Kentucky is coming in strong onto gambling. The state has seen a series of proposed bill hit different legislator snags, although none was turned down outright. This must have emboldened Adam Koening who submitted his own draft last week.
Kentucky offers an interesting landscape for sports betting regulation. None of the proposed bills has been able to clear all legal hoops, but that hasn’t dispirited various lawmakers from re-drawing their proposals and trying again.
This Tuesday, State Rep. Adam Koening introduced his own take on sports betting with House Bill 175. Mr. Koening’s bill is an ambitious plan to introduce the segment to the state in one brisk, sweeping action.
The document concerns land-based venues as well as online facilities, with the latter being taxed slightly steeper. HB 175 outlines 14.25% on gross revenue from wagers placed via smartphones and only 10.25% on all other types of bets.
Excited to file HB 175 yesterday, which will allow legal sports betting, on-line poker and fantasy sports in Kentucky. It's time to provide the freedom for those who wish to engage in these activities to do so legally. Let's be ahead of the curve Kentucky!https://t.co/zfBRRiMmKF
— Adam Koenig (@repkoenig) February 6, 2019
The taxation is fair as it allows operators that will focus on the mobile segment to even out with the land-based venues, which have to maintain their on-site facilities. Mr. Koening is not alone in delivering the bill either.
He has the backing of a vast coalition, numbering 14 other lawmakers who just like Mr. Koening can see the merits of creating a regulatory framework.
Regulation Beyond Sports Betting
If Kentucky chooses to regulate its industry based on the draft provided by Mr. Koening, the state can expect the introduction of many complementary segments that will most likely be a boon to the operations of land-based and online companies.
The state’s lottery will be in charge of overseeing sports betting as well as online poker and the sale of lottery tickets, bringing into its remit all segments. The bill doesn’t include live poker games, but this is unlikely to put a dent in the expected windfall for the Commonwealth, the legislation at one place.
HB 175 is a comprehensive and ambitious read by Mr. Koening and his followers who are pushing for a broad inclusion of all relevant segments, including online poker. Online poker is lined side by side with “all forms of gaming” in the state, on top of the already proposed sports betting framework.
Not only is online heavily featured in the bill, it’s also one of the most generously taxed activities, with only 6.75% going back to the state’s coffers.
Koening Highlights the Benefits of Extra Taxation
Mr. Koening is nowhere near disturbed by the recent challenges that online poker and gambling could face following the controversial Wire Act re-interpretation. Instead, Mr. Koening pointed out to another decision of particular legal bearing, i.e. that of SCOTUS:
In light of last year’s Supreme Court decision, it is time that we take the proactive step of providing adults the freedom to legally engage in sports betting. Kentucky has a chance to be ahead of the curve on this issue, while also potentially capitalizing on much-needed revenue gains without raising taxes.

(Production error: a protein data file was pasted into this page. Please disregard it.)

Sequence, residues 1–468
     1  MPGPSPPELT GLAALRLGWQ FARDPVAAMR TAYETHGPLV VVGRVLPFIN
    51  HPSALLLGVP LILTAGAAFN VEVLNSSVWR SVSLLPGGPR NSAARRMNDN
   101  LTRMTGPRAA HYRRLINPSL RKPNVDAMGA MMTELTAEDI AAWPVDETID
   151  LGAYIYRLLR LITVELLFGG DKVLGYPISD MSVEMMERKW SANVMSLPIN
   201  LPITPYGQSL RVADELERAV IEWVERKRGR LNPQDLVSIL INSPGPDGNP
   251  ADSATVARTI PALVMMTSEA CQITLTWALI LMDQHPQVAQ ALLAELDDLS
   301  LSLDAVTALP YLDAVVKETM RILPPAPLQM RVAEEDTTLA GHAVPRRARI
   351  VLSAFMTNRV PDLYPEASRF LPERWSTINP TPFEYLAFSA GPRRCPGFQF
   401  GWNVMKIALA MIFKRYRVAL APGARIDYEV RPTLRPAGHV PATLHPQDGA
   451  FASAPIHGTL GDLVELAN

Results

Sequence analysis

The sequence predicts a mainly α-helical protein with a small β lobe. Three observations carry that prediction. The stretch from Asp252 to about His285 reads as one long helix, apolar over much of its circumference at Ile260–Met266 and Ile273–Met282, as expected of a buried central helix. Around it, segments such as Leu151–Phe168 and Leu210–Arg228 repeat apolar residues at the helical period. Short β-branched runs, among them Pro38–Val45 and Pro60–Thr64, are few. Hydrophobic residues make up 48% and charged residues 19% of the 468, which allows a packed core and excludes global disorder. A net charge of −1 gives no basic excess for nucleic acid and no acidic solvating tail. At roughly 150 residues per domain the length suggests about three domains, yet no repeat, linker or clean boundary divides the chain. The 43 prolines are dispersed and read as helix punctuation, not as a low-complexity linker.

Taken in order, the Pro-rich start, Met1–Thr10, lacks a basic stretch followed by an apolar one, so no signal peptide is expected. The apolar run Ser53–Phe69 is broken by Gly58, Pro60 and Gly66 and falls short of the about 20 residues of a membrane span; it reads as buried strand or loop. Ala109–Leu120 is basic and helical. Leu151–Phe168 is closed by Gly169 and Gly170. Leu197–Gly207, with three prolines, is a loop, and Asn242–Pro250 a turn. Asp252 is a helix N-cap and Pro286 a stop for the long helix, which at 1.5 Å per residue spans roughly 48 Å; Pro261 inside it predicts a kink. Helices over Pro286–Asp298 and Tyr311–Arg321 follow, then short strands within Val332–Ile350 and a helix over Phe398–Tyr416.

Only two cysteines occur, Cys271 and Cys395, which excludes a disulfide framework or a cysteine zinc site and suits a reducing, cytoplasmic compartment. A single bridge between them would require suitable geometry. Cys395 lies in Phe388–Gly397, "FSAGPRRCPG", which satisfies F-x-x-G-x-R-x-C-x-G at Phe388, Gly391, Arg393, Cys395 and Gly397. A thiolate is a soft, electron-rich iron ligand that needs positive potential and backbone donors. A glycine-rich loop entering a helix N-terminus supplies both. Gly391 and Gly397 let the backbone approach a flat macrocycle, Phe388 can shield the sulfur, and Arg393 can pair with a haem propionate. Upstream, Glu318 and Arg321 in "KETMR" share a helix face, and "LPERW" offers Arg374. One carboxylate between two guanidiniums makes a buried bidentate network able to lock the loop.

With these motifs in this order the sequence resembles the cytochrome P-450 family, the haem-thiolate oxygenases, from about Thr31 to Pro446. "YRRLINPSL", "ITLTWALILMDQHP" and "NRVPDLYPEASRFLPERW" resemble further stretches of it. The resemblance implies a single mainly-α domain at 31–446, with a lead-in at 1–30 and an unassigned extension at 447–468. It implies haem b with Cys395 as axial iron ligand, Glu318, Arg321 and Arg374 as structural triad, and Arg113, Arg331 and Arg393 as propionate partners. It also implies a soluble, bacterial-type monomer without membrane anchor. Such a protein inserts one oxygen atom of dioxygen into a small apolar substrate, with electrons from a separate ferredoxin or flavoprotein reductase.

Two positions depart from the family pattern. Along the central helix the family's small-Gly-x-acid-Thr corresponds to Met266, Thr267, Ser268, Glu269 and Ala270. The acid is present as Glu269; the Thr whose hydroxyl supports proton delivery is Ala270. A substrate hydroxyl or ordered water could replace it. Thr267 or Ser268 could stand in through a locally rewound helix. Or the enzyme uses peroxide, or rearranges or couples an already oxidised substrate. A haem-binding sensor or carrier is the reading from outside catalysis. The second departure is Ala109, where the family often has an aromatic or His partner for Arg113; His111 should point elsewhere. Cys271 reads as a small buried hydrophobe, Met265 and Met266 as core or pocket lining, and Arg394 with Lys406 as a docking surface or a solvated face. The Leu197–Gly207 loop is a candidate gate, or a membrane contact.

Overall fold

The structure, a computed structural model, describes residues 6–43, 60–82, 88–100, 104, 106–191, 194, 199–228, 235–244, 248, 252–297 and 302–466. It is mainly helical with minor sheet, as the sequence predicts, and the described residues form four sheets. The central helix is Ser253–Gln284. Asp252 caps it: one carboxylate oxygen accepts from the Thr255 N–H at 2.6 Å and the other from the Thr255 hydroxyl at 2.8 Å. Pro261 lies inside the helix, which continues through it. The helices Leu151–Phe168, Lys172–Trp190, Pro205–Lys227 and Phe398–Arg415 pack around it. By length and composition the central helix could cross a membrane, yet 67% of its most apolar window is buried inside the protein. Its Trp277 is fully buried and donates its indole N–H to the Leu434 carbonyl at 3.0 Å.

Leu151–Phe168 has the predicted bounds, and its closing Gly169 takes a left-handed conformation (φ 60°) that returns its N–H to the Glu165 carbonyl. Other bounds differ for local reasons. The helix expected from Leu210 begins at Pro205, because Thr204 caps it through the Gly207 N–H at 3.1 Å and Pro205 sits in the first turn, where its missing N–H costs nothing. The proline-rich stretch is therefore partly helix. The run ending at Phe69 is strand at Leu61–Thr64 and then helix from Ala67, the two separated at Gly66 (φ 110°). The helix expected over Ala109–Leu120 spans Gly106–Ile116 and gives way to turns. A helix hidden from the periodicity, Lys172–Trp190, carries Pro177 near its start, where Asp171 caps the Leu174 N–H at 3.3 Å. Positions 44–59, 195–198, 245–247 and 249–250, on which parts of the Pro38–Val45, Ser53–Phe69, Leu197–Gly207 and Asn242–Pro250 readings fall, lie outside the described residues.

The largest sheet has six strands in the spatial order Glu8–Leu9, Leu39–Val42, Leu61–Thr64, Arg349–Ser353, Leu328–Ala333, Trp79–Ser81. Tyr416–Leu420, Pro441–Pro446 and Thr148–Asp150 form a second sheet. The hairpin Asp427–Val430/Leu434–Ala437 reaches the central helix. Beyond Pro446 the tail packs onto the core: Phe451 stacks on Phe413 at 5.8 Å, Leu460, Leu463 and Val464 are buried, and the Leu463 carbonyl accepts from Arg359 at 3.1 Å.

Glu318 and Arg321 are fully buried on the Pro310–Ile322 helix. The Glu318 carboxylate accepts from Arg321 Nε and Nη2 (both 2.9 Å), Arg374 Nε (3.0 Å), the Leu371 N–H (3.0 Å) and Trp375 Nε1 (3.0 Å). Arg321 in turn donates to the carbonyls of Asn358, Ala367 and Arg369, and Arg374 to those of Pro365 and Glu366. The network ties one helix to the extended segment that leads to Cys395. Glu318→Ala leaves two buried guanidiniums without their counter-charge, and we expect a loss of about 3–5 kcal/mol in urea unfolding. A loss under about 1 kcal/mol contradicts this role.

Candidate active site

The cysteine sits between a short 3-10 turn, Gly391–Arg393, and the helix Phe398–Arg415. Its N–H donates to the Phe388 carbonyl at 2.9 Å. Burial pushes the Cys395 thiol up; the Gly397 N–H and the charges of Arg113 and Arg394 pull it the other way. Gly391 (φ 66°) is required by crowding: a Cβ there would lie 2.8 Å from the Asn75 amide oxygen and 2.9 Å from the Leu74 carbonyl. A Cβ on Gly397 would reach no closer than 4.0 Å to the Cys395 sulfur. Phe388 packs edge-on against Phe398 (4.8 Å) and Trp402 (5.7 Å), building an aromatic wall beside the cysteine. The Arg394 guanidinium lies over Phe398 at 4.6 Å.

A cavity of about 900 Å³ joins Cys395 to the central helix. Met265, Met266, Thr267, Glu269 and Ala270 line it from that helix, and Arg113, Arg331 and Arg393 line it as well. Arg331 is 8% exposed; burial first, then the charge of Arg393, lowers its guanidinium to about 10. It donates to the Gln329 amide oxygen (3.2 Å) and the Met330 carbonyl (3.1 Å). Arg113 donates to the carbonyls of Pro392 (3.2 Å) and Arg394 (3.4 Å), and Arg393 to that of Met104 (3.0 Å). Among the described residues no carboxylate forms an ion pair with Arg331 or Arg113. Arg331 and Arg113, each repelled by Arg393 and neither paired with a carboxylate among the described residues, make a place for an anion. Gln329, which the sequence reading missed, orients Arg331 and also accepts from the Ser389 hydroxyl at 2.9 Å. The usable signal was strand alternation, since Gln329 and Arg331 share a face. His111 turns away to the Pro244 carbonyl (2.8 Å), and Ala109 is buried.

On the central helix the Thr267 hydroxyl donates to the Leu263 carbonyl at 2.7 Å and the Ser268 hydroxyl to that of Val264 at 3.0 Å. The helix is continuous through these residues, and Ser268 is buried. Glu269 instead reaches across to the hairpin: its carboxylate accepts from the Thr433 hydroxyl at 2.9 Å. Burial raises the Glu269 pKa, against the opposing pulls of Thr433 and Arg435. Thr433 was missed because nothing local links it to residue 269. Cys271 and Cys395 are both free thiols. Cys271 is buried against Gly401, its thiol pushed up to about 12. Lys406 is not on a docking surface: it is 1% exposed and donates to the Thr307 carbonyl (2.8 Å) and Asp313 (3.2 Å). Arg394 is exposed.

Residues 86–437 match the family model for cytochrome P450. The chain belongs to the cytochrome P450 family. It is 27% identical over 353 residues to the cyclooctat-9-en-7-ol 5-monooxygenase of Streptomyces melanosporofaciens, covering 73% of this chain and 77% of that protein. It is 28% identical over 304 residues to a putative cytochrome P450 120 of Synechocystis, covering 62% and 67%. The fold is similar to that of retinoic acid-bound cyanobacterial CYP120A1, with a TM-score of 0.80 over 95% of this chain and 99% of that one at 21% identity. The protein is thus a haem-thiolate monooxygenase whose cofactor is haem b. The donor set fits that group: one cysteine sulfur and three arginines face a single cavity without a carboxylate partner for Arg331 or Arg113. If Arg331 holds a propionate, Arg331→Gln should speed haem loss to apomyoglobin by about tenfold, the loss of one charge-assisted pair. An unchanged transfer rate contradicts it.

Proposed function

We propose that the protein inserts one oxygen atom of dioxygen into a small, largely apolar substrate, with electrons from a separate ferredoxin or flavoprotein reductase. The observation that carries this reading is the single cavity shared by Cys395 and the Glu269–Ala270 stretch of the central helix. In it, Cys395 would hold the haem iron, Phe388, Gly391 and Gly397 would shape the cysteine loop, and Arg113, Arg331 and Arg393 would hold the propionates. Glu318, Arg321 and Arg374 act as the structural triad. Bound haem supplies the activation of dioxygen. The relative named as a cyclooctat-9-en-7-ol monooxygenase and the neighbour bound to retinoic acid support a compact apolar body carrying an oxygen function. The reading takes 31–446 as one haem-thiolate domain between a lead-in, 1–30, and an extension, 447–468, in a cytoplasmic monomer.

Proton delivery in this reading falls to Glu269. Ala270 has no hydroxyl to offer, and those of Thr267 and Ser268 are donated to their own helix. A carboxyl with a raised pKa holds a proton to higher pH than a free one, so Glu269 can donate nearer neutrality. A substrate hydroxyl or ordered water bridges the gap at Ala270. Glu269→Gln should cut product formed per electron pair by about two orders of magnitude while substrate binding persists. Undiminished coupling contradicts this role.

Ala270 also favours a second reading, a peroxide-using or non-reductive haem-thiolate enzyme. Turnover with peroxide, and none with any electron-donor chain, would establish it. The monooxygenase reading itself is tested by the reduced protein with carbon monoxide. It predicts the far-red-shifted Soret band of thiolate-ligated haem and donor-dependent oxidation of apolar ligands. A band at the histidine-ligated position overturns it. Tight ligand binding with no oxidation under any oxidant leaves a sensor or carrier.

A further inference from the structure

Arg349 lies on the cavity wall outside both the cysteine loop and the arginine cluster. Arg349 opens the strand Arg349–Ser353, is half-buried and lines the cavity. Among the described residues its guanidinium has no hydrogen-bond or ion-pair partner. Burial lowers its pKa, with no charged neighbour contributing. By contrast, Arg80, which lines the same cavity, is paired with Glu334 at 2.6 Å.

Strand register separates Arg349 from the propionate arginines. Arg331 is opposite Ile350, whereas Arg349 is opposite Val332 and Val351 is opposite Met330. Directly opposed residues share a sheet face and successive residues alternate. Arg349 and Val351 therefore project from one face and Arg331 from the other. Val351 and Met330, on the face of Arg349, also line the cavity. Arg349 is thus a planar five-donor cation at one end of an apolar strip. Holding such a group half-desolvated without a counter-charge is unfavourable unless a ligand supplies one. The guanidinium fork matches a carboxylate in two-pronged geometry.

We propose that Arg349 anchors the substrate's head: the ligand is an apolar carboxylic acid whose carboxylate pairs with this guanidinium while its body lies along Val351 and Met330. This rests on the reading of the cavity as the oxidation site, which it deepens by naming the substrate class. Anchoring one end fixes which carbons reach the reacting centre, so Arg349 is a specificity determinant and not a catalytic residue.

Mr. Koening is right to point out that taxes can also alleviate burden on the state coffers and also keep families state-wide spending less on public funds. However, Mr. Koening is also very down-to-earth and understanding of the challenges that lie ahead.
The state coffers, he admits, aren’t going to swell with untold riches, but the tax will certainly help a little:
By no means do I expect this legislation to produce a massive windfall of revenue into the state coffers that will solve all of our financial problems. But with numerous citizens already engaging in betting practices, it is time for the Commonwealth to reap some of that revenue, while also allowing adults the freedom to make their own decisions.
Poker Love in Time of Legal Cholera
While Mr. Koening’s bill seems well-measured and inclusive of all future segments that promise growth, he must be cognizant of the lurking dangers lying ahead. Sheldon Adelson, the famed casino mogul, has had his hands in the undoing of the Wire Act opinion.
This is evidence that is only beginning to surface recently with the Washington Post and The Wall Street Journal calling out Mr. Adelson’s involvement in the nefarious operations.
Numerous poker professionals have called out Mr. Adelson’s involvement in the segment, including the likes of Daniel Negreanu and Chris Moneymaker who didn’t hesitate to describe the casino boss in the most robust terms.
The Wire Act interpretation which will gather legal momentum by the end of March can indeed throw a spanner in the works. Since the Wire Act oversees the transfer of data packages between states, online poker may be at a serious loss to take off beyond the borders of Kentucky.
Is Share-Liquidity Important to Mr. Koening?
The 37-Bill doesn’t specify anywhere that it would seek to add Kentucky to a shared liquidity scheme. In light of the oncoming Wire Act, this is imprudent many will agree. New Jersey and Pennsylvania already expressed their discontent with the rather ham-fisted way the Office of Legal Counsel had gone U-turn on the online poker industry and gambling.
This comes less than a year after a major victory was won in the Supreme Court of the United States (SCOTUS) with NJ defeating PASPA 1992. It’s understandable that rollback on all this progress can be upsetting.
Caught in the middle of it all, Mr Koening beats on, a boat against the current.